A Look at the Future
Looking a bit further down the road, we believe that hybridized food retailers and restaurants will, in fact, be the rule rather than the norm, representing a seismic shift in both the food retailing and foodservice industries. Accordingly, Packaged Facts expects to see both food retailing and foodservice channels continue to converge around fresh prepared foods, working fervently to make their consumption more convenient. As a result, the competitive lines between grocery stores, restaurants, convenience stores, and other channels will continue to blur.In the News
New York, February 1, 2011 — Gone but not forgotten, the shadow of the Great Recession continues to loom large over the food retailing landscape as consumer behaviors adopted during the economic strife linger, particularly the desire to find value in food and beverage purchases, according to The Future of Food Retailing in the U.S., 3rd Edition by market research publisher Packaged Facts.
"The value focus remains tied to the nation’s economic fortunes. As long as unemployment remains high, the likeliest scenario for the retail industry-and indeed the U.S. economy as a whole-will be slow growth, and value will continue to be a prime motivator behind consumers’ food and beverage purchases," says Don Montuori, publisher of Packaged Facts. "Whether eating more meals at home, shopping more at notoriously value-centric retailers such as dollar stores or Walmart, deferring discretionary purchases, or trading down on essentials, these new consumer tendencies will persist throughout 2011."
While price is an important part of the value proposition, it is not the only criterion. Value, defined by consumers as "worth the money," also encompasses other considerations including quality, perceived benefits (convenience, nutritional, health, etc.), and service, according to the report. As a result, consumers may be willing to pay premium prices if the products offer the benefits shoppers deem worthwhile.
Because consumers have reevaluated the price-value equation, food retailers are scrambling to adjust their marketing strategies to survive the growing competition that has erupted in the industry. Experiments with internet marketing and digital technologies, SKU reduction, price wars, tweaking private label offerings, and maneuverings to position themselves as arbiters of wellness and nutrition management are emerging retailer trends that could reshape the future of the industry in the short-term.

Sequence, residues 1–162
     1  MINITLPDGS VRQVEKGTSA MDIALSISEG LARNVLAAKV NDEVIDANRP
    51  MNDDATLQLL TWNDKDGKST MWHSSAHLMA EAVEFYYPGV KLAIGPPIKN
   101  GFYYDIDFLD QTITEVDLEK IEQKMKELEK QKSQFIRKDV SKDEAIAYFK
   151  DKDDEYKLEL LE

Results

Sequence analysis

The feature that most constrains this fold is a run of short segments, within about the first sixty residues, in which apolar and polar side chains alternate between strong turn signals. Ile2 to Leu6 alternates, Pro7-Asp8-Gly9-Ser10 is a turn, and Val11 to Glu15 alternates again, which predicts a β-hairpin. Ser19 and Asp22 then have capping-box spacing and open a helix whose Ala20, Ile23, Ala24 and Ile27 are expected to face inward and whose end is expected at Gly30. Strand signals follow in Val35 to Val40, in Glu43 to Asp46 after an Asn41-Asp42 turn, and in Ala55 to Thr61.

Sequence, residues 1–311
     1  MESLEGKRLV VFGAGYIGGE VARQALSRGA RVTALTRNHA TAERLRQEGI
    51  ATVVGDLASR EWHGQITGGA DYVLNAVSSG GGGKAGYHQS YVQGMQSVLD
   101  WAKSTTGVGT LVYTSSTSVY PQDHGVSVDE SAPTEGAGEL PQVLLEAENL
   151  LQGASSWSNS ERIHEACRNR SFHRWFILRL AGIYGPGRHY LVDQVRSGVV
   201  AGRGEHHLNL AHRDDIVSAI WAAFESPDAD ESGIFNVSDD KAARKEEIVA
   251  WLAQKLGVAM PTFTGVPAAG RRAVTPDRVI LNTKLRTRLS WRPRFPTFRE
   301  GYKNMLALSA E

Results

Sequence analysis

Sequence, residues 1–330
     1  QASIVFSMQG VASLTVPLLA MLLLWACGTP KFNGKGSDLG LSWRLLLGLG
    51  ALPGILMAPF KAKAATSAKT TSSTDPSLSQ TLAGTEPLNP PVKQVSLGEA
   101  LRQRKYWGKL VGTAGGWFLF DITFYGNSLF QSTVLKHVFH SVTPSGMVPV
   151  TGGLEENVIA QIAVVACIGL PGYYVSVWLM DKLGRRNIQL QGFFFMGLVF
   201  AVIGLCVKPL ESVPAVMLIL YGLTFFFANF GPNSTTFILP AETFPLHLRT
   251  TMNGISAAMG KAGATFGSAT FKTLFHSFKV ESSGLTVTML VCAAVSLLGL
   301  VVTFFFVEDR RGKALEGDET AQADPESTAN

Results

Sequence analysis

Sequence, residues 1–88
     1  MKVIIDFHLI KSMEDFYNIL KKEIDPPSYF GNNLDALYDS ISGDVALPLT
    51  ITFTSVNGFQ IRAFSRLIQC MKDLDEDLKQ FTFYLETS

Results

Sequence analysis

Retail sales of foods and beverages in the United States reached $560 billion in 2010, an increase of only 2% over the prior-year-period. Traditional grocery channel generated 57% of retail food and beverage dollar sales in 2010, with value channels ringing up 26% of sales, convenience channels 14%, and 3% for alternative channels (including drugstores and vending machines). Leading the retailer pack is Walmart, with an estimated $62 billion in food and beverage sales as of 2010.
Packaged Facts conservatively projects that total U.S. retail sales of foods and beverages will advance at an average 5% annual pace over the next five years to reach $698 billion in 2015.
The Future of Food Retailing in the U.S., 3rd Edition offers a comprehensive examination of the overriding trends in the market, highlighting opportunities and strategies retailers and CPG marketers can use to optimize their businesses during the coming years. The report provides detailed analysis of trends in the key retail channels through which foods and beverages are sold, including Grocery (major and independent supermarkets, natural food stores, ethnic supermarkets, traditional small grocery stores, and gourmet/specialty stores), Value (supercenters, mass merchandisers, warehouse clubs, dollar stores, and limited assortment stores), Convenience (convenience stores), and Alternative (drugstores, farmers’ markets, online grocery services, vending machines, and other alternative venues). In-store merchandising and food preparation trends, category sales trends, marketing trends, and media trends including use of new social media are also covered.